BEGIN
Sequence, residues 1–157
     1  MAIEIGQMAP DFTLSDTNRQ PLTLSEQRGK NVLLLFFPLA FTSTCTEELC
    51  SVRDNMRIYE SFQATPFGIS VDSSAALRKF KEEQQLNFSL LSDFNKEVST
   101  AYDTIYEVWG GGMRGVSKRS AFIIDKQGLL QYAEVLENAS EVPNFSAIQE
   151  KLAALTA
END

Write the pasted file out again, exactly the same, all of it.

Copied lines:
Sequence, residues 1–157
     1  MAIEIGQMAP DFTLSDTNRQ PLTLSEQRGK NVLLLFFPLA FTSTCTEELC
    51  SVRDNMRIYE SFQATPFGIS VDSSAALRKF KEEQQLNFSL LSDFNKEVST
   101  AYDTIYEVWG GGMRGVSKRS AFIIDKQGLL QYAEVLENAS EVPNFSAIQE
   151  KLAALTA